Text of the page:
Filed under: Hirings/Firings/Layoffs , Plants/Manufacturing , Toyota , Earnings/Financials , South America With uncertainty in the US and Chinese markets, automakers are scrambling to rev up their efforts in what were traditionally secondary markets. Take Toyota’s efforts in Latin America. A recent story from The Wall Street Journal highlights the Japanese brand’s push in the southern hemisphere, particularly in Brazil, where it has expanded its operations and installed new executives with a greater range of powers, all in a bid to grab a bigger slice of the ever-growing South American pie. South America is dominated by General Motors , Fiat and Volkswagen , which maintain a combined 60 percent of the market share – Toyota holds a mere 4.5 percent. The WSJ spoke with Steve St. Angelo, Toyota’s boss in Latin America, who said, “We are playing catch up, but we’re catching up fast. We now have the resources to give the region the attention it really needs and deserves.” That attention includes an all-new, locally produced small car called the Etios. As bewildering as it seems, Toyota wasn’t competing in the low-cost economy car market in South America. With the Etios , which arrived in September of 2012, its sales in the first seven months of 2013 are up 75 percent. Toyota is also expanding on its local infrastructure, which includes the $600 million Sorocabo factory, located near S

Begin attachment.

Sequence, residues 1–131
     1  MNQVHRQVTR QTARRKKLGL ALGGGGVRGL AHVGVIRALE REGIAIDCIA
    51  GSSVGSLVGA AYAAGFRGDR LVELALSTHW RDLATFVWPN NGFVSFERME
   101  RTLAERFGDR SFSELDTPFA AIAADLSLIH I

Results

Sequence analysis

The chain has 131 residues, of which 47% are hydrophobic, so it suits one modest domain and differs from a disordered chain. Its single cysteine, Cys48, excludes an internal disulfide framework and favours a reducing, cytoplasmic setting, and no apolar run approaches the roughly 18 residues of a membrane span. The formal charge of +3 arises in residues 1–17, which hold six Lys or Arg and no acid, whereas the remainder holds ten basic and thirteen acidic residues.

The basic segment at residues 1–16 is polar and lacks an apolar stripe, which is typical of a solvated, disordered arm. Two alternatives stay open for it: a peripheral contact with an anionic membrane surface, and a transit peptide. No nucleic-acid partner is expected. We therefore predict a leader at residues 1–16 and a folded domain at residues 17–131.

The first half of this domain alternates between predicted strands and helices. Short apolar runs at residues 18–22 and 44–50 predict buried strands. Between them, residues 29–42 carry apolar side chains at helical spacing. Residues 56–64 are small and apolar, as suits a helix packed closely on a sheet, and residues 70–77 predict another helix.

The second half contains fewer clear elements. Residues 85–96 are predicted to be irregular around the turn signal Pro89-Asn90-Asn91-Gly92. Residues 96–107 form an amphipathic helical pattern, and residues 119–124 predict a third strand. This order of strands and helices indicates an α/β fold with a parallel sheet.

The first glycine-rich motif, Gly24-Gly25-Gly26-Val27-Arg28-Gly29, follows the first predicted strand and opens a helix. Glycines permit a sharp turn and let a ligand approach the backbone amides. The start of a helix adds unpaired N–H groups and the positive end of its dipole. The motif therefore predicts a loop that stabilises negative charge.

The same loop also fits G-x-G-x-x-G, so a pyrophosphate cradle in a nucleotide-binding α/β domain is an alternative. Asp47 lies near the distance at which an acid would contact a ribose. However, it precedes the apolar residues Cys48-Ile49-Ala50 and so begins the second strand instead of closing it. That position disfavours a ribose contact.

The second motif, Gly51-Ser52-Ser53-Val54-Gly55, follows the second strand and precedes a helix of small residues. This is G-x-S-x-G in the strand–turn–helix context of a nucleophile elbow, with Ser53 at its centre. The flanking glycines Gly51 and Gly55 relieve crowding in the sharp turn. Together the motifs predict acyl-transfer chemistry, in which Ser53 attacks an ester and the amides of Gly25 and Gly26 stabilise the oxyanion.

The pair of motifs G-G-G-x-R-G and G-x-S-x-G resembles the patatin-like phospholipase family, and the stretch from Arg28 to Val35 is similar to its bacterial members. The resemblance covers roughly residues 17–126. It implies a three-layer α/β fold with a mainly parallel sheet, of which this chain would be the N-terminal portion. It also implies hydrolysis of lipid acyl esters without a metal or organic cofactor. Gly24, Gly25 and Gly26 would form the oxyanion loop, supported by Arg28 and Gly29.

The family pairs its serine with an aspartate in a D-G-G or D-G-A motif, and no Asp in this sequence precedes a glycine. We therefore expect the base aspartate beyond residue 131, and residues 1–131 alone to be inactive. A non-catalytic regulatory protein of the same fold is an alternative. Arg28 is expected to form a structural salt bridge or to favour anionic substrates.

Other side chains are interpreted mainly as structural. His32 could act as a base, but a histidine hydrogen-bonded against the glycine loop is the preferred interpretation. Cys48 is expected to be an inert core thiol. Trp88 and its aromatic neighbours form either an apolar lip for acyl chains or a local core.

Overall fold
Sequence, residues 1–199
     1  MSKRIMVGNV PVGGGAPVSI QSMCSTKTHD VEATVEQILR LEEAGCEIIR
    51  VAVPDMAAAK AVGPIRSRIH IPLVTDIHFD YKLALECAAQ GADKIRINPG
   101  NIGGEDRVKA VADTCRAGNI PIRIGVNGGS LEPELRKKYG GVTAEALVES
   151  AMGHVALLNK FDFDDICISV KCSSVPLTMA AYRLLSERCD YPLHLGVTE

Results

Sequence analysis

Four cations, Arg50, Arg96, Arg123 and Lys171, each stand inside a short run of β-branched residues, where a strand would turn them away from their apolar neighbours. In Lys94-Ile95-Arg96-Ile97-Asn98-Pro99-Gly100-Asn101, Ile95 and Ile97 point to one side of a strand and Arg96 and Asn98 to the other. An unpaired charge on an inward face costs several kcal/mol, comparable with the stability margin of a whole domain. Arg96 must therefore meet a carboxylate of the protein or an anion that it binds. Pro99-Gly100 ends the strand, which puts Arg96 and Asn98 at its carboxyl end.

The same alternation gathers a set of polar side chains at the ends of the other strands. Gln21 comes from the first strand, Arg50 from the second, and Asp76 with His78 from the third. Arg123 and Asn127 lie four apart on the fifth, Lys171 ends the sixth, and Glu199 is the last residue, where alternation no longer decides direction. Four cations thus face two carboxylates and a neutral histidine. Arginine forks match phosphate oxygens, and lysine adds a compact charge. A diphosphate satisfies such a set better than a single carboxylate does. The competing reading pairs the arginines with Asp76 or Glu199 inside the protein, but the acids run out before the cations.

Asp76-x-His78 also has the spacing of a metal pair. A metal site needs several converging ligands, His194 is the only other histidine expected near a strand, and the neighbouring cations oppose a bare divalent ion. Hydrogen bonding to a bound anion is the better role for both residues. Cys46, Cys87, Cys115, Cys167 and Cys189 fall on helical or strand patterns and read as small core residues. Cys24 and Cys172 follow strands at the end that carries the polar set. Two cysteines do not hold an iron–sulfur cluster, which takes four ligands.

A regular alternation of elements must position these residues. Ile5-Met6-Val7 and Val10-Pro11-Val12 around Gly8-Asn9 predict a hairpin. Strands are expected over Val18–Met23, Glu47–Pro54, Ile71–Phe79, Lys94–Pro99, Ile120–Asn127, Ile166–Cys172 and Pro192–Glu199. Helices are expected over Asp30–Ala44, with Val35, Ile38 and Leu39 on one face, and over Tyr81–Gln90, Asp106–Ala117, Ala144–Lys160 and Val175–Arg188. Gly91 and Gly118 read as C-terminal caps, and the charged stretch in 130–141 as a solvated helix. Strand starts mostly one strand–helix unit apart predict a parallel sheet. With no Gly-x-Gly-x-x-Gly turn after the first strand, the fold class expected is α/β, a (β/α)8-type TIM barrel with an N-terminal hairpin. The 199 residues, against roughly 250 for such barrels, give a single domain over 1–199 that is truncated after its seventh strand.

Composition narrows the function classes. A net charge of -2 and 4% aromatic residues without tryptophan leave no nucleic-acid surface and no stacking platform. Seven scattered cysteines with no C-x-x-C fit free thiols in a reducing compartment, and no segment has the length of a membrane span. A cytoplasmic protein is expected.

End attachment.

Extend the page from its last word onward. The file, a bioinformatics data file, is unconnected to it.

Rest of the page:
Filed under: Toyota , Earnings/Financials Toyota isn’t just the world’s largest automaker – so far its the biggest winner for quarterly profits. With an enormous $5.5 billion take during Q2, Toyota took advantage of the weak Japanese yen and strong US demand to record a 94-percent improvement in profit over the same period from last year. So far, Toyota brought in larger profits than Ford and General Motors combined. Toyota is showing no signs of slowing down either, as it has bumped up its forecast for full-year global production, going from 9.94 million to 10.12 million vehicles, on the back of a 13-percent drop in the buying power of the Japanese yen versus the US dollar. That strong exchange rate is largely responsible for Toyota’s big jump in profits, although it also managed to shift 1.3 million vehicles in the US market this year. Strong Camry sales have also helped. But while Toyota is raking in the cash, it actually saw a small drop in market share, down 0.1 percent to 14.3 percent of the US market. As is the case with most automakers, Toyota seems flummoxed by Europe, where it recorded less than one percent of its revenue. Still, as Automotive News points out, Toyota only maintains a 4.5-percent market share in Europe and is far less dependent on the continent than other manufacturers. Toyota also struggled at home, much like Honda .